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Longmont, Colorado’s NextLight community fiber network isn’t just delivering fast and affordable fiber access to locals, it’s consistently winning awards nationwide.
The city-owned network has topped PC Magazine’s Readers’ Choice rankings, which asked readers to rate their satisfaction with their residential broadband providers. Nextlight was also rated as the top gaming ISP of 2023, and was rated the fastest ISP in the nation in 2018 and the second fastest ISP by the magazine last year.
The city was also rated the 17th best work-at-home city in another 2022 survey. This latest survey asked magazine readers to assess ISP satisfaction based on speed, reliability and value. NextLight excelled at all three.
“NextLight's near-perfect scores, including an astronomic 9.9 for overall satisfaction, are unprecedented in the history of PCMag's surveys of ISPs,” the magazine noted. “The company's lowest score is for setup, and yet that number is still higher than almost any other rating earned by another ISP in any category.”
Earlier this month, a new Colorado bill was introduced that, if passed, would rid the state of a law designed to protect monopoly Internet service providers (ISPs) from competition.
SB-183, titled “Local Government Provision Of Communications Services,” seeks to gut a law Big Telecom pushed state lawmakers to pass in 2005. That law, known as SB-152, prevented any of Colorado’s 272 municipalities from building and operating their own telecommunication infrastructure unless local voters first passed a referendum to “opt out.”
End of ‘the Qwest Law’?
Known also as “the Qwest law,” Qwest (now Lumen but more recently CenturyLink), with the help of Comcast, leaned on legislative allies to pass SB-152 to protect their monopoly profits. On our Community Broadband Bits podcast, Ken Fellman and Jeff Wilson, prominent telecom attorneys, recount how lobbyists for the monopoly ISPs were instrumental in pushing two false, but effective, narratives we’ve seen many times before: that SB-152 only sought to “level the playing field” so that private companies could compete with municipally run networks, and that SB-152 “protected” Coloradoans from irresponsible local governments, as if there were no such things as local elections.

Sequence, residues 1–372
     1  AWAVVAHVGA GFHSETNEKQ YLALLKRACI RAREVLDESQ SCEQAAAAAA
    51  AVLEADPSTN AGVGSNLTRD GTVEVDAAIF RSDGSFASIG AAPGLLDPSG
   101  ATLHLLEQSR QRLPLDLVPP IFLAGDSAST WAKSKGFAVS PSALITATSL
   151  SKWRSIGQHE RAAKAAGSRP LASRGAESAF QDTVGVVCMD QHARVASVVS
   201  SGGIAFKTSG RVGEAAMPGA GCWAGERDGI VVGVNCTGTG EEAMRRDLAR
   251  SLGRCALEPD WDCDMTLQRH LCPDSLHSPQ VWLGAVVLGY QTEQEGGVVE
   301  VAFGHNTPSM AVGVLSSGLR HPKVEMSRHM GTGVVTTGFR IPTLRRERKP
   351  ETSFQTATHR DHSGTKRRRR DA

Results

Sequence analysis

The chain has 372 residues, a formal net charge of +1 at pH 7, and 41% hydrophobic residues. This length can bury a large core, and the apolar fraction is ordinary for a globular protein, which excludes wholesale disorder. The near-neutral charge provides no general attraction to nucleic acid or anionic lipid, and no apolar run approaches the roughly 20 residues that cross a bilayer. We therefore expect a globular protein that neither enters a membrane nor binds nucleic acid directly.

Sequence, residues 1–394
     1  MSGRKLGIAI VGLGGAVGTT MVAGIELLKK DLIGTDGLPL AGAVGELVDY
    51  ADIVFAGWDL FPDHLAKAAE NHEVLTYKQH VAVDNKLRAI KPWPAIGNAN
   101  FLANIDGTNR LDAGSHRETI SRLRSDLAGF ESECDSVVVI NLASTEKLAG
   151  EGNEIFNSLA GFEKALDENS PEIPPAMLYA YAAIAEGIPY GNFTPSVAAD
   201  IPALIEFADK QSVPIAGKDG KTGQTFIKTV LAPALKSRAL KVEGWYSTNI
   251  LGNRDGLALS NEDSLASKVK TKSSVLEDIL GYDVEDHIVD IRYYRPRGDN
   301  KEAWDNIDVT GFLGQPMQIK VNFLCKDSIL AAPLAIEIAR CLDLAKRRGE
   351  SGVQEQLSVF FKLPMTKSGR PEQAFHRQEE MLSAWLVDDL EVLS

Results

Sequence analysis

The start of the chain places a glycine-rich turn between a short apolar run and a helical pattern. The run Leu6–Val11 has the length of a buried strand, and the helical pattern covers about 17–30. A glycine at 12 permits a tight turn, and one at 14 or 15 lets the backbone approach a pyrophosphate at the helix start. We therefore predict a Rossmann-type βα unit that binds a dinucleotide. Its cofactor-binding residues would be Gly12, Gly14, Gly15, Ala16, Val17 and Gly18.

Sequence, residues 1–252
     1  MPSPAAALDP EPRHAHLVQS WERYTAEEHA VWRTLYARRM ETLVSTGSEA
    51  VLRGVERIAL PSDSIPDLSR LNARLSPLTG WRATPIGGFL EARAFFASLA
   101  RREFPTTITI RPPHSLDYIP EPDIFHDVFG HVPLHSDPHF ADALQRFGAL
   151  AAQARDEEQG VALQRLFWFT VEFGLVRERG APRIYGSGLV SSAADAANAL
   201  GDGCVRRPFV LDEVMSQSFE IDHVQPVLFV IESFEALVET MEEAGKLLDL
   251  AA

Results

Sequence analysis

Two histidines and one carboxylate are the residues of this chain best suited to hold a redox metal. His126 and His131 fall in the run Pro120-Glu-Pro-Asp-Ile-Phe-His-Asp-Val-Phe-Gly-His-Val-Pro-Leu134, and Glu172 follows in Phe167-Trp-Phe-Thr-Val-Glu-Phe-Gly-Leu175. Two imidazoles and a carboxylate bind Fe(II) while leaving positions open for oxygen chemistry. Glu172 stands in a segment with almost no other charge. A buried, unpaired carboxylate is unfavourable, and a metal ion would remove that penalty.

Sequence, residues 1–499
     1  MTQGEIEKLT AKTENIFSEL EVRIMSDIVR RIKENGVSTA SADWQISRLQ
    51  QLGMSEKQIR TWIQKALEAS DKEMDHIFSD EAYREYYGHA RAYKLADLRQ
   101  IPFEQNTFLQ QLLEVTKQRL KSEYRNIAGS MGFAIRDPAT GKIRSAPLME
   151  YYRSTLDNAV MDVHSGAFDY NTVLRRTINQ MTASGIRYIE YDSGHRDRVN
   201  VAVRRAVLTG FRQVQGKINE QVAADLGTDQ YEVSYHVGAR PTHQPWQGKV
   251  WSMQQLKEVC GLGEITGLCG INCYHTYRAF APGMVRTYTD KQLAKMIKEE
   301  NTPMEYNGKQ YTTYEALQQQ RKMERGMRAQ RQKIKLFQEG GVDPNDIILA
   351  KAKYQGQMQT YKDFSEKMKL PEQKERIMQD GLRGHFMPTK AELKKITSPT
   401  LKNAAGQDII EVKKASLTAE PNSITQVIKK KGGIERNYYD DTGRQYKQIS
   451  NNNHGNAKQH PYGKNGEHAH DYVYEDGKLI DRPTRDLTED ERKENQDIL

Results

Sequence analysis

But, if passed, the new proposed legislation (SB-183) – co-sponsored by a bipartisan-ish group of state legislators (10 Democrats and 2 Republicans) – would neuter SB-152 and allow local communities to decide for themselves if they wanted to pursue municipal broadband without needing special permission from the state.
Last month, PCMag released its ranking of the best work-from-home (WFH) cities in the United States. On this year’s list, two of the cities in the Top 20 are Chattanooga, Tennessee and Longmont, Colorado – both of whom have municipal broadband networks that make those communities among the friendliest remote work locales in the nation.
As a remote-first media outlet itself, PCMag explains what should be obvious to anyone who hasn’t swallowed whole the propaganda of the Big Telecom lobby, which among other falsehoods claims that municipal broadband is simply too complicated for municipalities to build and operate, and is ultimately a financial boondoggle for taxpayers.
“The number-one requirement for a good work-from-home location is fast, reliable Internet access,” PCMag explains.
NextLight Catapults Longmont as Top WFH City
Launched in 2010, Chattanooga’s EPB Fiber network is a well-known and documented municipal broadband success story with independent analysis having shown that in its first 10 years of operation it has brought the city a $2.7 billion return-on-investment.
However, Longmont’s rising star on the municipal broadband stage (coming in at No. 17 on PCMag’s Best WFH list) is because, as aptly described by PCMag, the city is a “more affordable alternative to expensive Boulder, with 300 days of sunshine each year, a municipal fiber provider, and an easy drive to both Boulder and Denver.”